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A query that used to work just fine on a production server has started becoming extremely slow (in a matter of hours).

This is it:

SELECT * FROM news_articles WHERE published = '1' AND news_category_id = '4' ORDER BY date_edited DESC LIMIT 1;

This takes up to 20-30 seconds to execute (the table has ~200.000 rows)

This is the output of EXPLAIN:

+----+-------------+---------------+-------------+----------------------------+----------------------------+---------+------+------+--------------------------------------------------------------------------+
| id | select_type | table         | type        | possible_keys              | key                        | key_len | ref  | rows | Extra                                                                    |
+----+-------------+---------------+-------------+----------------------------+----------------------------+---------+------+------+--------------------------------------------------------------------------+
|  1 | SIMPLE      | news_articles | index_merge | news_category_id,published | news_category_id,published | 5,5     | NULL | 8409 | Using intersect(news_category_id,published); Using where; Using filesort |
+----+-------------+---------------+-------------+----------------------------+----------------------------+---------+------+------+--------------------------------------------------------------------------+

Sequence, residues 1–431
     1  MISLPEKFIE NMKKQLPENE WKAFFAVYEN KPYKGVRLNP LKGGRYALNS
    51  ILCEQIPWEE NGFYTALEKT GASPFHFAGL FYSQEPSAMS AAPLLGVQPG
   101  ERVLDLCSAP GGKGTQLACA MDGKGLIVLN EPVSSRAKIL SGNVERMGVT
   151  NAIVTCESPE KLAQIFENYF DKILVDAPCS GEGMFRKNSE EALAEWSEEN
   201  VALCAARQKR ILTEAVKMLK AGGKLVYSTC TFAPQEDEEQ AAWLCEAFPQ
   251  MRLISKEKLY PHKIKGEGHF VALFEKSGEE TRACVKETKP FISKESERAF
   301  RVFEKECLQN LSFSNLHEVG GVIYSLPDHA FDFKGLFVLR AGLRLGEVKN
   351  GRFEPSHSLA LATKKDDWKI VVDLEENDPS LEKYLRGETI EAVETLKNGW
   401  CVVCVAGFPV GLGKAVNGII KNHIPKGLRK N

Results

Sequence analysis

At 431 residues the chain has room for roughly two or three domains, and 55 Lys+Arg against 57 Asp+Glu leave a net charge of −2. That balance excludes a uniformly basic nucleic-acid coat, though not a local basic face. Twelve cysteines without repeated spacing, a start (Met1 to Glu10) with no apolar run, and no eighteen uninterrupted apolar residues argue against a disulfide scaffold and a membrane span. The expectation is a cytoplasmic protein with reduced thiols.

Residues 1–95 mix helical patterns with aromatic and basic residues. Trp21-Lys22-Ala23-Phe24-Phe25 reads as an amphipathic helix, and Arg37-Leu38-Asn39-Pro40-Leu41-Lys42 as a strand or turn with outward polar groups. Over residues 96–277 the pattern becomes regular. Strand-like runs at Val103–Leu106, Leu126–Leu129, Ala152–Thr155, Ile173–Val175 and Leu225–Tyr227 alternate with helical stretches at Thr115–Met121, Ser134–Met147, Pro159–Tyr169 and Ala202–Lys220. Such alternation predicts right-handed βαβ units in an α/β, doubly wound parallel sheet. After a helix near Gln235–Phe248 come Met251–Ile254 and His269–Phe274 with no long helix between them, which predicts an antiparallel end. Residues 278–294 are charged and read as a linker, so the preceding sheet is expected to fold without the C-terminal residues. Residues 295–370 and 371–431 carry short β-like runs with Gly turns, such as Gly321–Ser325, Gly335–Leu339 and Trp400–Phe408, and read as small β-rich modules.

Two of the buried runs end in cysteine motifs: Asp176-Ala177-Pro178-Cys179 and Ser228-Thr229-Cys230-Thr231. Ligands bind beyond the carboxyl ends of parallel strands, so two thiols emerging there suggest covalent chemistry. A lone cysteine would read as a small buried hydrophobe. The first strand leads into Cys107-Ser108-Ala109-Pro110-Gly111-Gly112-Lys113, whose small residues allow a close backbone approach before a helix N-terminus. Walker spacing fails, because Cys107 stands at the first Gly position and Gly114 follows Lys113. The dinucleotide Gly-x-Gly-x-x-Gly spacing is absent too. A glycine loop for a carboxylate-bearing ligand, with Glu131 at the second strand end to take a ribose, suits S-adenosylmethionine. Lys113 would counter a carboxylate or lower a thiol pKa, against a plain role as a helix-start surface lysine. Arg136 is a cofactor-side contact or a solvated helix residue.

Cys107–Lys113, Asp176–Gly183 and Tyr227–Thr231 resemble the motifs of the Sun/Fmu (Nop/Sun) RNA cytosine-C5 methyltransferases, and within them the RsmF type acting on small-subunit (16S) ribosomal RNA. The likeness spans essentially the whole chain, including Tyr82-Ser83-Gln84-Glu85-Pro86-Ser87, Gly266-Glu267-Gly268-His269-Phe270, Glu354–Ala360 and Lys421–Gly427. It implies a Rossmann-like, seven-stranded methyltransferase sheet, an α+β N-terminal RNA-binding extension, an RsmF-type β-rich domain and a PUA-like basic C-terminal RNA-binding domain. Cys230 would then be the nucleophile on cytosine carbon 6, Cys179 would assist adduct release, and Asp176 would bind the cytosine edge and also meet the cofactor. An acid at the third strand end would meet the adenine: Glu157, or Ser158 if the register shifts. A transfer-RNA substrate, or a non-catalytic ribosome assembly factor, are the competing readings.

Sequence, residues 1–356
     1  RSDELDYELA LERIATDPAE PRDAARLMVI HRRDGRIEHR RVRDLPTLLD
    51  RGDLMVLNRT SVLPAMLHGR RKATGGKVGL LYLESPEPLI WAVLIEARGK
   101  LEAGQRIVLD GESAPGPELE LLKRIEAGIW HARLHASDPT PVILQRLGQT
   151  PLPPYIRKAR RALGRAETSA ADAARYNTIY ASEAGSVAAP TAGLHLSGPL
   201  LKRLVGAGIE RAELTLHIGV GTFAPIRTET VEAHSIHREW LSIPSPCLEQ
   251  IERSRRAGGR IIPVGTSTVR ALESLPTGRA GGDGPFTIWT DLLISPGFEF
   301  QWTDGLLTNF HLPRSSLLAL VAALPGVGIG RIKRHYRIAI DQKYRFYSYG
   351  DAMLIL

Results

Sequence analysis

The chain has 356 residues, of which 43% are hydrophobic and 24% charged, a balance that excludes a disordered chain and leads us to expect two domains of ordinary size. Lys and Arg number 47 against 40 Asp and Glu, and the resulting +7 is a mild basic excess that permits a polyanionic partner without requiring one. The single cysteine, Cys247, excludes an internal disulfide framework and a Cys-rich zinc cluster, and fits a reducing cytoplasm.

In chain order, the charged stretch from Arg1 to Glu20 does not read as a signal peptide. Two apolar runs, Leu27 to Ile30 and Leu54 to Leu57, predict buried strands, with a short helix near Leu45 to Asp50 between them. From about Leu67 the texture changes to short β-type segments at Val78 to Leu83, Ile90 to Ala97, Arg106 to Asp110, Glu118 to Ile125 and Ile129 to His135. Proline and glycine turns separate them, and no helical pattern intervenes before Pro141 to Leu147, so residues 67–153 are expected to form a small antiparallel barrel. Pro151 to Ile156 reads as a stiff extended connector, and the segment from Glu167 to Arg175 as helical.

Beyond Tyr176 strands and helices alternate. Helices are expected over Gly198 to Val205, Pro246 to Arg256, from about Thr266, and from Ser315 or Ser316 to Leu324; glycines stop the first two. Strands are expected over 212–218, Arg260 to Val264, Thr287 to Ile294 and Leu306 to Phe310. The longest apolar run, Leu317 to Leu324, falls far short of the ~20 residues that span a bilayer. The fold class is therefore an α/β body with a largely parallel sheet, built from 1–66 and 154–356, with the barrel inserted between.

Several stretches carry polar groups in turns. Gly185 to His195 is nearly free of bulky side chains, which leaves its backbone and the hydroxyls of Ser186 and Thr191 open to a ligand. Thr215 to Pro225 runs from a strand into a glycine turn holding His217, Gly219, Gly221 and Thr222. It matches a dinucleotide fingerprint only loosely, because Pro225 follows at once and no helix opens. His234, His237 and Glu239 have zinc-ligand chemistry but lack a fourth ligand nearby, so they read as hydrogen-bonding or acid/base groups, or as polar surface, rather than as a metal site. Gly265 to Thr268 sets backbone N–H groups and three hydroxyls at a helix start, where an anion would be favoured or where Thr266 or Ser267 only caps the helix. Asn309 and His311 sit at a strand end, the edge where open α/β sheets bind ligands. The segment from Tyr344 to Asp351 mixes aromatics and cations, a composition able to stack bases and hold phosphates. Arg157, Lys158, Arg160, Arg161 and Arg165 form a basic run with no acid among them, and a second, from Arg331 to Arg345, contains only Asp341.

Playing around with it, I found that hinting a specific index (date_edited) makes it much faster:

SELECT * FROM news_articles USE INDEX (date_edited) WHERE published = '1' AND news_category_id = '4' ORDER BY date_edited DESC LIMIT 1;

This one takes milliseconds to execute.

EXPLAIN output for this one is:

+----+-------------+---------------+-------+---------------+-------------+---------+------+------+-------------+
| id | select_type | table         | type  | possible_keys | key         | key_len | ref  | rows | Extra       |
+----+-------------+---------------+-------+---------------+-------------+---------+------+------+-------------+
|  1 | SIMPLE      | news_articles | index | NULL          | date_edited | 8       | NULL |    1 | Using where |
+----+-------------+---------------+-------+---------------+-------------+---------+------+------+-------------+

Columns news_category_id, published and date_edited are all indexed.

The storage engine is InnoDB.

This is the table structure:

CREATE TABLE `news_articles` (
  `id` int(11) NOT NULL AUTO_INCREMENT,
  `title` text NOT NULL,
  `subtitle` text NOT NULL,
  `summary` text NOT NULL,
  `keywords` varchar(500) DEFAULT NULL,
  `body` mediumtext NOT NULL,
  `source` varchar(255) DEFAULT NULL,
  `source_visible` int(11) DEFAULT NULL,
  `author_information` enum('none','name','signature') NOT NULL     DEFAULT 'name',
  `date_added` datetime NOT NULL,
  `date_edited` datetime NOT NULL,
  `views` int(11) DEFAULT '0',
  `news_category_id` int(11) DEFAULT NULL,
  `user_id` int(11) DEFAULT NULL,
  `c_forwarded` int(11) DEFAULT '0',
  `published` int(11) DEFAULT '0',
  `deleted` int(11) DEFAULT '0',
  `permalink` varchar(255) DEFAULT NULL,
  PRIMARY KEY (`id`),
  KEY `user_id` (`user_id`),
  KEY `news_category_id` (`news_category_id`),
  KEY `published` (`published`),
  KEY `deleted` (`deleted`),
  KEY `date_edited` (`date_edited`),
  CONSTRAINT `news_articles_ibfk_3` FOREIGN KEY (`news_category_id`) REFERENCES `news_categories` (`id`) ON DELETE SET NULL ON UPDATE CASCADE,
  CONSTRAINT `news_articles_ibfk_4` FOREIGN KEY (`user_id`) REFERENCES `users` (`id`) ON DELETE SET NULL ON UPDATE CASCADE
) ENGINE=InnoDB AUTO_INCREMENT=192588 DEFAULT CHARSET=utf8

I could possibly change all queries my web application does to hint using that index. but this is considerable work.

Is there some way to tune MySQL so that the first query is made more efficient without actually rewriting all queries?